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Forces: Laws of Motion

Newton’s first law of motion

    Newton’s first law of motion: Inertia, mass and weight

Newton’s second law of motion

    Newton’s-2nd-and-3rd-laws-of-motion

How to calculate the net force on an object, and draw free body diagrams.

    Net force and Free body diagrams

Newton’s third law of motion

    The Third law of motion

The normal force: Atoms don’t ever fully touch: their electrons repel each other

    The normal-force: objects-really-never-touch

From Aristotle to Galileo: Discovering the laws of motion

    Aristotle’s-laws-of-motion

Friction forces and the coefficient of friction (μ)

Friction forces

Torque (may be covered in the unit on rotational motion)

Using physics to build: Engineering

 

Articles

Football Physics: The Forces Behind Those Big Hits. By Chad Orzel

 

Videos

Newton’s laws animated video: By Eugene Khutoryansky

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Learning Standards

2016 Massachusetts Science and Technology/Engineering Curriculum Framework
HS-PS2-1. Analyze data to support the claim that Newton’s second law of motion is a mathematical model describing change in motion (the acceleration) of objects when acted on by a net force.

HS-PS2-10(MA). Use free-body force diagrams, algebraic expressions, and Newton’s laws of motion to predict changes to velocity and acceleration for an object moving in one dimension in various situations

Massachusetts History and Social Science Curriculum Framework

The roots of Western civilization: Ancient Greece, C. 800-300 BCE.
7.34 Describe the purposes and functions of development of Greek institutions such as the lyceum, the gymnasium, and the Library of Alexandria, and identify the major accomplishments of the ancient Greeks.

WHI.33 Summarize how the Scientific Revolution and the scientific method led to new theories of the universe and describe the accomplishments of leading figures of the Scientific Revolution, including Bacon, Copernicus, Descartes, Galileo, Kepler, and
Newton.

A FRAMEWORK FOR K-12 SCIENCE EDUCATION: Practices, Crosscutting Concepts, and Core Ideas
PS2.A: FORCES AND MOTION
How can one predict an object’s continued motion, changes in motion, or stability?

Interactions of an object with another object can be explained and predicted using the concept of forces, which can cause a change in motion of one or both of the interacting objects… At the macroscale, the motion of an object subject to forces is governed by Newton’s second law of motion… An understanding of the forces between objects is important for describing how their motions change, as well as for predicting stability or instability in systems at any scale.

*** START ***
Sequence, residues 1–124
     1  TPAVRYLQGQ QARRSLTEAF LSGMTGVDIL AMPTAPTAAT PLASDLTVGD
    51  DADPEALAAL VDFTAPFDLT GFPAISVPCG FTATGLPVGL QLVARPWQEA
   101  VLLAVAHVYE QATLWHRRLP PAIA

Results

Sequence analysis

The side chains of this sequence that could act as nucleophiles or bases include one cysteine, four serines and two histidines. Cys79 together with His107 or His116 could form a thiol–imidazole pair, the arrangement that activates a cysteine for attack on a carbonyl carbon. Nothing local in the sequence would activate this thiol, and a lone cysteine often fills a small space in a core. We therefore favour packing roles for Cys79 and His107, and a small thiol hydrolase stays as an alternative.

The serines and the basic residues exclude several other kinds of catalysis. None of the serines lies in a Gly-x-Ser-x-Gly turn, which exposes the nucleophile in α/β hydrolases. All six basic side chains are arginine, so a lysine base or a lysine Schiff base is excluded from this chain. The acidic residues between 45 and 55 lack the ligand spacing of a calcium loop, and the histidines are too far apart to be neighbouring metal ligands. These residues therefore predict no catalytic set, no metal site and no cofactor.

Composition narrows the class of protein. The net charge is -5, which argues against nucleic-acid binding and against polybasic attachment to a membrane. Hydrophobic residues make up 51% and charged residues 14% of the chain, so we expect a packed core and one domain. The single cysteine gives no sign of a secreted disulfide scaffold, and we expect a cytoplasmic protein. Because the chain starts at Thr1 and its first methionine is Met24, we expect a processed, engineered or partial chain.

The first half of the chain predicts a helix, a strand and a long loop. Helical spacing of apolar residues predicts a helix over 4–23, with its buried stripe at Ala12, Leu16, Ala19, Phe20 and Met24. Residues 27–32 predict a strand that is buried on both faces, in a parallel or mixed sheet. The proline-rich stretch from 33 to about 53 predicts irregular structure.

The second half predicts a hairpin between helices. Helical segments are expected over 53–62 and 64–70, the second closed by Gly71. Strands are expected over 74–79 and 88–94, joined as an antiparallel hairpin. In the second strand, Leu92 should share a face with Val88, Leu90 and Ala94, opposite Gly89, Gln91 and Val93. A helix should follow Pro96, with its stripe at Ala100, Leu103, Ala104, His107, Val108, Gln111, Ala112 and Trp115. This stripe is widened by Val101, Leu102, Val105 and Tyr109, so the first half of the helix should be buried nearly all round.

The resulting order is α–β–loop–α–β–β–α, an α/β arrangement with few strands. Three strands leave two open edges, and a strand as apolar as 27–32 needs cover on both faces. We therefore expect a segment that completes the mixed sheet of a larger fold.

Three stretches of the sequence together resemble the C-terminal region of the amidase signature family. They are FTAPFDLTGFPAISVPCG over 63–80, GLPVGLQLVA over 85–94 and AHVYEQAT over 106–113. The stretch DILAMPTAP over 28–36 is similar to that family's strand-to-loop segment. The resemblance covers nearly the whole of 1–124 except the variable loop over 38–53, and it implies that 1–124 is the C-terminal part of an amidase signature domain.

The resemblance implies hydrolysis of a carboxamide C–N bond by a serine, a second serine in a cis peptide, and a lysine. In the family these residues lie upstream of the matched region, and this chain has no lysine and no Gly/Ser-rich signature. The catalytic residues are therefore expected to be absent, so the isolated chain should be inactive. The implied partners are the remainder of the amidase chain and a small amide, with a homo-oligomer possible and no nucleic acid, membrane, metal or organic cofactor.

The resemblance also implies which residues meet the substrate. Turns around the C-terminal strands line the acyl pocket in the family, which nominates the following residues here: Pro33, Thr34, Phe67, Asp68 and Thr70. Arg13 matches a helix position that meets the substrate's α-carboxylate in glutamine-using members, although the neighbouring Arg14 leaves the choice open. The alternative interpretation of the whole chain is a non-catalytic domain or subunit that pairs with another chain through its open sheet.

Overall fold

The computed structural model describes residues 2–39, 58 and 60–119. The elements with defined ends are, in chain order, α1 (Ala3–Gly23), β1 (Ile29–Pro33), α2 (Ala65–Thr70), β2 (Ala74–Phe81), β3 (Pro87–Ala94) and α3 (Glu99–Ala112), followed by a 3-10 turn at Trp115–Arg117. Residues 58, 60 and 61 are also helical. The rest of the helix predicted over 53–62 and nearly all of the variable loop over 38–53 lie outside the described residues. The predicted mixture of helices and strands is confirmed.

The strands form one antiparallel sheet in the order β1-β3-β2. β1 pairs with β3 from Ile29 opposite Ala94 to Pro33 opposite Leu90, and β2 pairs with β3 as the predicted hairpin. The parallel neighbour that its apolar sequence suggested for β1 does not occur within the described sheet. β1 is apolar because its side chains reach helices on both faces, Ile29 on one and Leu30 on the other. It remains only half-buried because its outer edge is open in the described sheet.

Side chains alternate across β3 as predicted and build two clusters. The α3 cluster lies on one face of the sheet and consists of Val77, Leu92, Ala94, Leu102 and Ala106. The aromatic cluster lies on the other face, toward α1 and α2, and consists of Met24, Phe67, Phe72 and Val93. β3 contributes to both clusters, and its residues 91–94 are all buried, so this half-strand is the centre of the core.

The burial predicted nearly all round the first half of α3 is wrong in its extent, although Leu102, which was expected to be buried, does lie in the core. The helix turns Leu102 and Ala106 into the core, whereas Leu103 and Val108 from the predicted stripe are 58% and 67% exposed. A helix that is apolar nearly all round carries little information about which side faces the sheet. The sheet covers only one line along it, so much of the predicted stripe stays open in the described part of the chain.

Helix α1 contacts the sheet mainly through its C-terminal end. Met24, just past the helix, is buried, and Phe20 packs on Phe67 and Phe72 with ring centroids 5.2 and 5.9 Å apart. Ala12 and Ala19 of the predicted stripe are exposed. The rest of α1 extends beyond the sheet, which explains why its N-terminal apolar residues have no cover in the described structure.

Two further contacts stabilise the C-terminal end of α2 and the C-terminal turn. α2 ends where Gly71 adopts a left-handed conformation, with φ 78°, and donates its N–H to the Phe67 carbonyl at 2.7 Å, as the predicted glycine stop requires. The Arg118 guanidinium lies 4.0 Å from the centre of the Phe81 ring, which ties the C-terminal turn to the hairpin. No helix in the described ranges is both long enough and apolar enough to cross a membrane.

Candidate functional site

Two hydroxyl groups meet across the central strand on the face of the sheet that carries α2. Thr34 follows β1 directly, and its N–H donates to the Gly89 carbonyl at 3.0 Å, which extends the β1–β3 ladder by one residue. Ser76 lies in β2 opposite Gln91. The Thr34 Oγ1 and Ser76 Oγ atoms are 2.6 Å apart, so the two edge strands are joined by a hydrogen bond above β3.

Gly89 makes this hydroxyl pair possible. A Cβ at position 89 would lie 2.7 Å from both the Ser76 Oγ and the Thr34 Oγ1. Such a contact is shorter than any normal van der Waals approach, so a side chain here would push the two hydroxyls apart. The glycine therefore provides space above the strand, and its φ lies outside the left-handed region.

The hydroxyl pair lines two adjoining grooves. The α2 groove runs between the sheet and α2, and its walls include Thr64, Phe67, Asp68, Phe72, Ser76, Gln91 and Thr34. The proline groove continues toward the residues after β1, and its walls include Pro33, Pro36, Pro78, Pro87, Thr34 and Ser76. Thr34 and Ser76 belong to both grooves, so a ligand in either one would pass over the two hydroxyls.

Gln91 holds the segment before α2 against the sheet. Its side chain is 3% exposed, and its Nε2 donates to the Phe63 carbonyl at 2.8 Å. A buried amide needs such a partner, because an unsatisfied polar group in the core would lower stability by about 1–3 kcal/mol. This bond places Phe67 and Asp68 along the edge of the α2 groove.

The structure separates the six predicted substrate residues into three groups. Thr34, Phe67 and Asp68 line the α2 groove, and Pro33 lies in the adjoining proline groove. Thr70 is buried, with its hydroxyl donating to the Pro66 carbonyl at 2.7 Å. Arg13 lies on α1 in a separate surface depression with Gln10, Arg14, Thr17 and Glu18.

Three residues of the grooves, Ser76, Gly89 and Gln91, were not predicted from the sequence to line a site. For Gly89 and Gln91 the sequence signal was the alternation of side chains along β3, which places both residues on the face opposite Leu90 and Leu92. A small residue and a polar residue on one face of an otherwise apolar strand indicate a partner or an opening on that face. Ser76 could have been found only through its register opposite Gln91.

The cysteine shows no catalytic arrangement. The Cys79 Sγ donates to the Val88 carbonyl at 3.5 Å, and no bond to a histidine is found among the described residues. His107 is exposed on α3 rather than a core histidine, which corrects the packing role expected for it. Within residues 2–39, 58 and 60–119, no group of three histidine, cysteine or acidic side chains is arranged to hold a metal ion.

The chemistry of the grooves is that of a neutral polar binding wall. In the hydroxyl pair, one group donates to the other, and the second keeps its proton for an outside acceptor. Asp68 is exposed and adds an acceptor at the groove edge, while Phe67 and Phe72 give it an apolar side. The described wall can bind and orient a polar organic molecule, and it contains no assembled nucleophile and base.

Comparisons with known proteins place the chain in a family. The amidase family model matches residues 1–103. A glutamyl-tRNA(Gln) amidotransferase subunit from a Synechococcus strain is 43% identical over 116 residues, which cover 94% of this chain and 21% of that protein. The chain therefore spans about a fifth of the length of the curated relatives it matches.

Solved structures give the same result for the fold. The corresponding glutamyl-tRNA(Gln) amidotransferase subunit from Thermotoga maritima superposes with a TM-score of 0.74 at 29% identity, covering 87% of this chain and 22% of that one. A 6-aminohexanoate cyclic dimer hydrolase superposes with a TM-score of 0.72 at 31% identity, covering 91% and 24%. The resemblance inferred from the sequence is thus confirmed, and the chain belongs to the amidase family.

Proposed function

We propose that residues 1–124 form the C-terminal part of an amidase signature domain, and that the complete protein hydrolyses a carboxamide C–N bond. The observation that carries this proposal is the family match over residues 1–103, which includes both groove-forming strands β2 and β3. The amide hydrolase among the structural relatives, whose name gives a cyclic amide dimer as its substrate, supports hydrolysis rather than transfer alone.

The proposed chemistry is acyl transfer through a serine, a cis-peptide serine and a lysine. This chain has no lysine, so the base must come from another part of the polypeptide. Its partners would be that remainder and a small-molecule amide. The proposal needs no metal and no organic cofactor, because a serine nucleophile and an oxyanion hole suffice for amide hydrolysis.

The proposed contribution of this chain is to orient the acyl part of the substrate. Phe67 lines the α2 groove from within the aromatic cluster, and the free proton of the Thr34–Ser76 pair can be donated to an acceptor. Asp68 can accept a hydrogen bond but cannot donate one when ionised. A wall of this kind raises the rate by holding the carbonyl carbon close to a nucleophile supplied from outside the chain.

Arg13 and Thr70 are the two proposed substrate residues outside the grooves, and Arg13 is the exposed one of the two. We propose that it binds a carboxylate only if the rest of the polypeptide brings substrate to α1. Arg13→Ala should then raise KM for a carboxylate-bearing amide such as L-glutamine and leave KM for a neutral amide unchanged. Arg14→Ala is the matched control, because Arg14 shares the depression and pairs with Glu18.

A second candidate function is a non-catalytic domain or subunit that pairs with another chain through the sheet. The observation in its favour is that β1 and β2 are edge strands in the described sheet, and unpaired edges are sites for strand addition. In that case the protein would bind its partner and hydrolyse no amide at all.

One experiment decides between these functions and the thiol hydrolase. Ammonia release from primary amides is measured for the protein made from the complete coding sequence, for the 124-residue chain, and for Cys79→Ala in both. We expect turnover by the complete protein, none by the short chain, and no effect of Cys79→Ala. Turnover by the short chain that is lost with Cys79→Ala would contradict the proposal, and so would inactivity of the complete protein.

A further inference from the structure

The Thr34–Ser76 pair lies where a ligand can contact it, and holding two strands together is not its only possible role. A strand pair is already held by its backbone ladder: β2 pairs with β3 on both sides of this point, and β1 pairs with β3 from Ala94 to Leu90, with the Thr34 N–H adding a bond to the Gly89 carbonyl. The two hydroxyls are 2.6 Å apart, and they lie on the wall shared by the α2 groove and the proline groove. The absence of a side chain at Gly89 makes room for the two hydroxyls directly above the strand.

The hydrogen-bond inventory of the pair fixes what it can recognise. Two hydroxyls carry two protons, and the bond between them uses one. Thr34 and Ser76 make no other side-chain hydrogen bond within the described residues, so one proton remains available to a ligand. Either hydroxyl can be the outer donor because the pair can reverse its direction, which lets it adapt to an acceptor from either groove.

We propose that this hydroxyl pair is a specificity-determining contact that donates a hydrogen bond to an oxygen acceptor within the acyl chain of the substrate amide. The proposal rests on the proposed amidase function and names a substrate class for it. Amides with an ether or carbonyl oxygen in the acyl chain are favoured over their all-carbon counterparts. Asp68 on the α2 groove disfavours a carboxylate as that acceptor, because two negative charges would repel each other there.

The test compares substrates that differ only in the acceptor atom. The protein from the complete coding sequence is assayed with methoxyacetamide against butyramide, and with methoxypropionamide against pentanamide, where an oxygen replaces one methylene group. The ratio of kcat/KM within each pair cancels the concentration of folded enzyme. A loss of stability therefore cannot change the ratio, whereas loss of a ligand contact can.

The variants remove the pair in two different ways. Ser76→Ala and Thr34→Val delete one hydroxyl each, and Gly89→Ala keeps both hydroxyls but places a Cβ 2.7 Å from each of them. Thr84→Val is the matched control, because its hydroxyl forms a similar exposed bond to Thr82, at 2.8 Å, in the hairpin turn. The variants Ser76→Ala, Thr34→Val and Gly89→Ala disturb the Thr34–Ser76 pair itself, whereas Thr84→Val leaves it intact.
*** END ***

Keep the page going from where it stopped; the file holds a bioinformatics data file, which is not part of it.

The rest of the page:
New York Physics: The Physical Setting Core Curriculum

Key Idea 5: Energy and matter interact through forces that result in changes in motion.
5.1 Explain and predict different patterns of motion of objects (e.g., linear and uniform circular motion, velocity and acceleration, momentum and inertia)
5.1i According to Newton’s First Law, the inertia of an object is directly proportional to its mass. An object remains at rest or moves with constant velocity, unless acted upon by an unbalanced force

Appendix D: AP Physics Enduring Understandings

Enduring Understanding 1C: Objects and systems have properties of inertial mass and gravitational mass that are experimentally verified to be the same. Inertial mass is the property of an object or a system that determines how its motion changes when it interacts with other objects or systems.

Massachusetts Science and Technology/Engineering Curriculum Framework (2006)

1. Motion and Forces. Central Concept: Newton’s laws of motion and gravitation describe and predict the motion of most objects.

1.4 Interpret and apply Newton’s three laws of motion.
1.5 Use a free-body force diagram to show forces acting on a system consisting of a pair of interacting objects. For a diagram with only co-linear forces, determine the net force acting on a system and between the objects.
1.6 Distinguish qualitatively between static and kinetic friction, and describe their effects on the motion of objects.

Common Core Math

  • CCSS.MATH.CONTENT.7.EE.B.4  Use variables to represent quantities in a real-world or mathematical problem, and construct simple equations and inequalities to solve problems by reasoning about the quantities.
  • CCSS.MATH.CONTENT.8.EE.C.7  Solve linear equations in one variable
  • CCSS.MATH.CONTENT.HSA.SSE.B.3  Choose and produce an equivalent form of an expression to reveal and explain properties of the quantity represented by the expression. (including isolating a variable)
  • CCSS.MATH.CONTENT.HSA.CED.A.4  Rearrange formulas to highlight a quantity of interest, using the same reasoning as in solving equations. For example, rearrange Ohm’s law V = IR to highlight resistance R.
  • http://www.corestandards.org/Math/
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